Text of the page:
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Bruce Squires, Published February 08 2012

Drones, cameras violate our 4th Amendment rights

Recently, The Forum reported via a front-page story how the Fargo Police Department is considering the installation of security cameras near businesses downtown along Broadway.

There was also a recent news article about where a Predator drone, more commonly used by the CIA to hunt and assassinate terrorists, was used to track down a North Dakota family who allegedly stole three cows that wandered onto their farmland earlier this year. The family was arrested after the drone helped detectives spy on them. The family becomes the first known American citizens to be victims of Predator drones, which the government has made available to local sheriffs and police chiefs.

Legislation pending in Congress, H.R. 658, would allow for expansion of the use of drones, while the U.S. Army also recently issued a new directive to govern the growing use of unmanned aircraft systems or “drones” within the United States for training missions and for “domestic operations.” One does wonder what “domestic operations” means?

In 1949, George Orwell wrote a novel titled “1984.” The story depicts an imaginary future where a totalitarian state controls every aspect of life, even people’s thoughts. The state is called Oceania and is ruled by a group known as the Party; its leader and dictator is Big Brother. Posters of the party leader, Big Brother, bearing the caption “BIG BROTHER IS WATCHING YOU” adorn the landscape, while the ubiquitous telescreen, a transceiving television set, monitors the private and public lives of the populace. “1984” popularized the adjective Orwellian, which refers to official deception, secret surveillance, and manipulation of the past in service to a totalitarian or manipulative political agenda.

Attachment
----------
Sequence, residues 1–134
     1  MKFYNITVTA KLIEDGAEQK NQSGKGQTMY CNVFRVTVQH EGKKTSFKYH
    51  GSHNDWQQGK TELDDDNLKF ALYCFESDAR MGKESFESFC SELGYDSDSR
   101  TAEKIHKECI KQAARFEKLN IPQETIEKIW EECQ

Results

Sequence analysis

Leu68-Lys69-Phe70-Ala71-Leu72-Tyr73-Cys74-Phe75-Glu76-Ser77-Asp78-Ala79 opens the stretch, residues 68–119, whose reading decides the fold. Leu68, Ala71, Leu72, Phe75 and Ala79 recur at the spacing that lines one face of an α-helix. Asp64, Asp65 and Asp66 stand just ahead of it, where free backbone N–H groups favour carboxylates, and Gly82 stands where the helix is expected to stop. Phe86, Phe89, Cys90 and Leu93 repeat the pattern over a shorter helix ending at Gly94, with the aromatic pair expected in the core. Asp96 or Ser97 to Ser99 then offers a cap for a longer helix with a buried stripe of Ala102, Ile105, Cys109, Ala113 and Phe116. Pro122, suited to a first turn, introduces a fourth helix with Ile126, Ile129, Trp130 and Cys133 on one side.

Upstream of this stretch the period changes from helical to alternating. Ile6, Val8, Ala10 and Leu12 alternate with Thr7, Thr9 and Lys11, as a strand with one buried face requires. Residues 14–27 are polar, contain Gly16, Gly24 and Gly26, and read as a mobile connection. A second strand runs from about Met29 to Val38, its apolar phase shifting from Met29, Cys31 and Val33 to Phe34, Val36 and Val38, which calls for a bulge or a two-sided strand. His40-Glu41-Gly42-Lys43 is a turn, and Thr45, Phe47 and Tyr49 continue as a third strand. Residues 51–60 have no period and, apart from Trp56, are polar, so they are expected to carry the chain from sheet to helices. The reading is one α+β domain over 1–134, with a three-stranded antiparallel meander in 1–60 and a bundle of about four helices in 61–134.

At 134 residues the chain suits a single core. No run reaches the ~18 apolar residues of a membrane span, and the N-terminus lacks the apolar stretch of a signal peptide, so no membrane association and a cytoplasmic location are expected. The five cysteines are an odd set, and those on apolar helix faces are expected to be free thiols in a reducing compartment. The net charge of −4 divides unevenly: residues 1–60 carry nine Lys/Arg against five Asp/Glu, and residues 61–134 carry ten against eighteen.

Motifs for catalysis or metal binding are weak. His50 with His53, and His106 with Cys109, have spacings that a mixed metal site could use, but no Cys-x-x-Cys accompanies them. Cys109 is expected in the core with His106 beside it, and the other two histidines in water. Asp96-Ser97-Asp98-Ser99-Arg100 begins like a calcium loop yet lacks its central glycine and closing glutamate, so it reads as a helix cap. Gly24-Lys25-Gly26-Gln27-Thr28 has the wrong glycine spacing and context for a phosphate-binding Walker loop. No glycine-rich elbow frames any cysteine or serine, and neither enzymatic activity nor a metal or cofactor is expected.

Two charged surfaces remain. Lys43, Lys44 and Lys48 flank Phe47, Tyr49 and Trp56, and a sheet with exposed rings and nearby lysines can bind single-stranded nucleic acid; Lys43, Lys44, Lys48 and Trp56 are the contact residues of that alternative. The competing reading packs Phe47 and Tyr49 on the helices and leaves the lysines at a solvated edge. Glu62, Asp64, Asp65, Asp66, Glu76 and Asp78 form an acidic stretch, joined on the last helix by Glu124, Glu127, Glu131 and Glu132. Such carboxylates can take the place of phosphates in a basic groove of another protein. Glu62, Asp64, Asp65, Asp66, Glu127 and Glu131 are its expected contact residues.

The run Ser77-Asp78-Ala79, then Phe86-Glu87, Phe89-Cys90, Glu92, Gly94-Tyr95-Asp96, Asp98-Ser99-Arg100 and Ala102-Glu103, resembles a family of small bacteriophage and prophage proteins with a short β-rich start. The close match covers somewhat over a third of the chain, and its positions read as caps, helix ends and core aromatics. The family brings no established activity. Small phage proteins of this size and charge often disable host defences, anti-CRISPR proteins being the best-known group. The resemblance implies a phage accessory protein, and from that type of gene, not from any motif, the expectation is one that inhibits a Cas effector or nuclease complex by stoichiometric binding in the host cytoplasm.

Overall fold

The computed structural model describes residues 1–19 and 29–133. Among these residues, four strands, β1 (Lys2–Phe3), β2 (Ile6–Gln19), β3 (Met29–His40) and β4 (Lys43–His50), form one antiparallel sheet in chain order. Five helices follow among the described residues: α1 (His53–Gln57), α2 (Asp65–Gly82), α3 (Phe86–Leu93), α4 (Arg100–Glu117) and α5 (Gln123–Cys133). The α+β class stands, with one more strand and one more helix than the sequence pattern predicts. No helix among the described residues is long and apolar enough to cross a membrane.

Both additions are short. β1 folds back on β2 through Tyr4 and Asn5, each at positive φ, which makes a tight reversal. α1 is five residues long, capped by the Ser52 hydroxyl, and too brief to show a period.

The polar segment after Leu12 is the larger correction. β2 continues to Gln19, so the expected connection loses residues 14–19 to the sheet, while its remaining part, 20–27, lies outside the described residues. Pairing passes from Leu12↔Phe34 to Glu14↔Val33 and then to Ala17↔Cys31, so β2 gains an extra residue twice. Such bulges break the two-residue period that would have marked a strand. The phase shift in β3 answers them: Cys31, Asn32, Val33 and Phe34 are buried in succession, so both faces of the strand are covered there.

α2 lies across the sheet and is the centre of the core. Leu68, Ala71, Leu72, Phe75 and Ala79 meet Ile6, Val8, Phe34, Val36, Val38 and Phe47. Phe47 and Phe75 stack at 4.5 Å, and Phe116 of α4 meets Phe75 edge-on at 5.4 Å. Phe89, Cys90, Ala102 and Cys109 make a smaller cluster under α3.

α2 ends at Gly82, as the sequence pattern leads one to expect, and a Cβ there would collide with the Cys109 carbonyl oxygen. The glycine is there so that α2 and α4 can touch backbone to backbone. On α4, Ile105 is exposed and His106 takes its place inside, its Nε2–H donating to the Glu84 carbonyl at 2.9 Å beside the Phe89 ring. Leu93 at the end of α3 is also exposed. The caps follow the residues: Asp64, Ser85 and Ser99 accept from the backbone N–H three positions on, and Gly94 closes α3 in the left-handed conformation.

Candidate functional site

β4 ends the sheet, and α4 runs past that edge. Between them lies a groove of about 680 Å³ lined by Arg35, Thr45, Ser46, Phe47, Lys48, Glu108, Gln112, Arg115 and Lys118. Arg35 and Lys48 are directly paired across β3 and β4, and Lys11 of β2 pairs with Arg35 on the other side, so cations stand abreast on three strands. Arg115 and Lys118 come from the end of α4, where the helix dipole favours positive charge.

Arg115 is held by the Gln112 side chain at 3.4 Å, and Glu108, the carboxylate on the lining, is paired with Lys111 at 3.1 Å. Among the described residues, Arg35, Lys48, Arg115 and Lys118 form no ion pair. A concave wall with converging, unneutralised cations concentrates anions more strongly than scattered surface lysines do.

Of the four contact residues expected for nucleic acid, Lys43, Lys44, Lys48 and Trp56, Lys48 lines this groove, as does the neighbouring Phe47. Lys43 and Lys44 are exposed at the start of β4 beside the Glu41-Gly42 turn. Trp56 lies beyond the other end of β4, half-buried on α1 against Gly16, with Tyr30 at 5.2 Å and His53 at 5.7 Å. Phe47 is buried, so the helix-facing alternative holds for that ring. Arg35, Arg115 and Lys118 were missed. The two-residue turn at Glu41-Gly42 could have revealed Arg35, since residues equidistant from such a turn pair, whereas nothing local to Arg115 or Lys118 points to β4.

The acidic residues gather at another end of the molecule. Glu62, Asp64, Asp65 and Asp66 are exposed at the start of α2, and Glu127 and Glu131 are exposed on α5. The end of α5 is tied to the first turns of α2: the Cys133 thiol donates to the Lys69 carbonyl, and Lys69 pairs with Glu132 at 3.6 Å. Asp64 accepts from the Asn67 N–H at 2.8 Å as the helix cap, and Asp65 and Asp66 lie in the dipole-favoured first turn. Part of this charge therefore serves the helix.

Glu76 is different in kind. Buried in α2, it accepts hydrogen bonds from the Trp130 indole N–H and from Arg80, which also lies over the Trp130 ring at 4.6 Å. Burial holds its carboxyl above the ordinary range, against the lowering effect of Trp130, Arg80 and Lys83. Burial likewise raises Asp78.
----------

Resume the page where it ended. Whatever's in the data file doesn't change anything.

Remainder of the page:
The Fourth Amendment to the U.S. Constitution explicitly protects “the right of the people to be secure in their persons, houses, papers, and effects, against unreasonable searches and seizures.” The U.S. Supreme Court has consistently found that surveillance is comparable to a search and that it therefore ordinarily requires the subject’s consent or a valid warrant. The U.S. Supreme Court has also determined that the Constitution’s 14th Amendment protects a personal right to privacy that is even broader than what is guaranteed by the Fourth Amendment.

Unfortunately, recent well-meaning but imperfect legislation, including the Patriot Act, has eroded the protection offered citizens by these constitutional amendments.

Ben Franklin once said, “They that can give up essential liberty to obtain a little temporary safety deserve neither safety nor liberty.”

Are the use of surveillance cameras, Predator drones and who knows what else to monitor or spy upon the activities of law-abiding citizens a violation of our Fourth and 14th Amendment rights? I suspect that Franklin and Orwell would think so.